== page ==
As laid out earlier, our herd mentality grants such castle in the air narratives strong power (here’s a good example, not related to climate change or fossil fuels). By going counter to such narratives, we begin to change them. We can harness the power of narrative and herd mentality to accelerate positive change rather than work against it.
While the market set the stock price on that day, the narrative surrounding the value of a given stock sets the stock price that year and beyond.
Imagine if Bill Gates had instead come out and said something like: “investing in fossil fuels is stupid. It’s a dying industry. Solar generates 2% of our energy today and it will need to generate 30% by 2050. I’d put your money in the growing industry.”
What impact could such a sentiment have on the narrative around fossil fuels and renewables. What impact could it have on the herd of investors? The stock market can create self-fulfilling prophecies. It’s up to us to create them.
A few further notes on this argument:
- The Bill and Melinda Gates Foundation divested from fossil fuels in 2016
- The Financial Times article with the Bill Gates quote included a pro-divestment response from activists that is worth noting. They argue that the point of institutional divestment from fossil fuels is to break the ties between big money and the fossil fuel industry. If powerful institutions no longer are invested in the success of the fossil fuel industry, they argue it will be easier to pass much needed climate legislation.
- Gates’ argument that philanthropists can do more by investing in companies solving climate change rather than divesting may be correct, but it implies an incorrect mutual exclusivity between the two actions. We need to do both and the money to invest in companies solving climate change needs to come from somewhere. This is the philosophy we (and many others) follow in divest, invest.
#3: Shares selling on the secondary market don't impact a company financially
In order to understand this argument, let’s do a quick refresher on how public stock markets work. When a company “goes public” they decide to sell shares (aka ownership) of the company to anyone who wants to buy them. They work with a bank to set the price for the Initial Public Offering (IPO). If a company is selling 1 billion shares and the IPO price is $10/share, the company can directly raise $10 billion that can be used to finance its growth.
So let’s say the company is popular and sells out all of the 1 billion shares immediately when they IPO and by the end of the day the shares are trading at $20 each. Does the company get $20 billion?
No. The only money the company gets from selling shares to the public is from its initial offering at the price it pre-determined. From then on, the shares trade on the secondary market, and the shareholder, not the company, receives any value gained or lost in trading.
Buying shares on the New York Stock Exchange is the equivalent of buying a pair of limited edition sneakers on eBay. Nike doesn’t make any money from the eBay sale.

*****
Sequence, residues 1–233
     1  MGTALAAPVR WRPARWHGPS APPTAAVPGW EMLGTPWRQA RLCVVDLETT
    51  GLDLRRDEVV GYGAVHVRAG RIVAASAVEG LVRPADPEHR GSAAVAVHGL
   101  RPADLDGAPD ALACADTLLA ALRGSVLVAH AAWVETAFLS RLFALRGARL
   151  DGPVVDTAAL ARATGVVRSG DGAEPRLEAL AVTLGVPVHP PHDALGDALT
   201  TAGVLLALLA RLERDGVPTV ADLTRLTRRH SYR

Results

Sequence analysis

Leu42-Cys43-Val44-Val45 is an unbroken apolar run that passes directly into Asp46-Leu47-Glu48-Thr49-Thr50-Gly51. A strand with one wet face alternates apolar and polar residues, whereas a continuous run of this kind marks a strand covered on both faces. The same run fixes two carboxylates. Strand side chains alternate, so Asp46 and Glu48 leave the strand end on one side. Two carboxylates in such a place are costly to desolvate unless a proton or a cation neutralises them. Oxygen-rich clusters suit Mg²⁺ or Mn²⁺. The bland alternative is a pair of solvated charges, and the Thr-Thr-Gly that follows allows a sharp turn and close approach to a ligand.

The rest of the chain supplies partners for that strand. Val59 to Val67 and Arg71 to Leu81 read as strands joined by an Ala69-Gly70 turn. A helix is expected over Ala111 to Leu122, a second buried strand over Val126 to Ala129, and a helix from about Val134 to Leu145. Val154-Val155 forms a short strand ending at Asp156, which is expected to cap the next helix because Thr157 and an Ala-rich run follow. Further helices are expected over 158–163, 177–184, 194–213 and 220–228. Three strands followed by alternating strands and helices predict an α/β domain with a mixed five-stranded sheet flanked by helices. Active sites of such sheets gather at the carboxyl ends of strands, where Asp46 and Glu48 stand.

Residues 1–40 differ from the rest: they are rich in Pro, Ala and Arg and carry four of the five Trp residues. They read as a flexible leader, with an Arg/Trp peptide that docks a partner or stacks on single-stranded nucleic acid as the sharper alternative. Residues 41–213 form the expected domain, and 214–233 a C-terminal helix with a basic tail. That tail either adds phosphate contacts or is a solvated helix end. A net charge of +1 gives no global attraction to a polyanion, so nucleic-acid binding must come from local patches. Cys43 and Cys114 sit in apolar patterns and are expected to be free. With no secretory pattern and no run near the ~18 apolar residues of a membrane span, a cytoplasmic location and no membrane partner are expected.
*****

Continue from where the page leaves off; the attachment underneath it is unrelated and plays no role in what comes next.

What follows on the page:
Therefore, proponents of this argument claim that trying to negatively impact a fossil fuel company or positively impact a renewable energy company by buying or selling shares on the secondary stock market will have no real impact on the bottom line of either company.
Our response: We agree, buying and selling shares of a company on the secondary market does not meaningfully impact the amount of money a company received for selling its stock to the public.
But share prices on the secondary market does influence company behavior. Whether depressed share prices prompt management of a polluting company to move in a new direction or elevated share prices enable a company like Tesla to issue more shares to finance building another gigawatt battery factory, share price is an important feedback mechanism between the public and publicly traded companies.
This can be especially true for investors like us. As smaller investors, particularly those who are saving for retirement, we tend to operate under a long term, “buy and hold” strategy. This means the shares we own tend to largely remain out of circulation on the stock market. While demand for a stock may be dictated by a company’s earnings, the meta-narrative about the company, and herd mentality, the supply of actively traded stock depends on the number of shares looking for buyers.
If long term investors get our fossil fuel stock (or ETFs with fossil fuel companies in them) back into circulation and hold our shares of the companies building climate solutions, we tilt the supply/demand equilibrium in the right direction. Your account may be small, but 37% of the stock market is held by individual investors. Collectively, we make a difference.
Where you keep your retirement (or any other) investments matter. The narrative you tell about a stock impacts how likely it is to come true. Making personal choices that align with your values matter not because they will have an impact every time, but because when they do, the difference is tremendous.
The inverse of all of these is also true. Not making a change, not challenging a narrative with your actions, is a vote for the status quo. Herd mentality is neither good nor bad, just powerful. We want to imagine it turned towards building a sustainable world.
You invest in a retirement account so you can live a stable, comfortable, predictable life after you retire. That investment goal will be much harder to meet in a world with 2º+C of warming.
Invest with your values because it’s a simple way to align your long term financial and ethical goals. Invest with your values because your savings can accelerate how quickly we transition from fossil fuels to clean energy. You should also invest with your values because you may even make more money (Study on how ESG funds have outperformed the market. Study on how “carbon-efficient” companies outperformed the market).
Looking to focus your investments around your values on climate change? We want to help. We help you invest in low-fee, diversified portfolios built for the world where we solve climate change. Let’s divest from fossil fuels to invest in the companies solving climate change.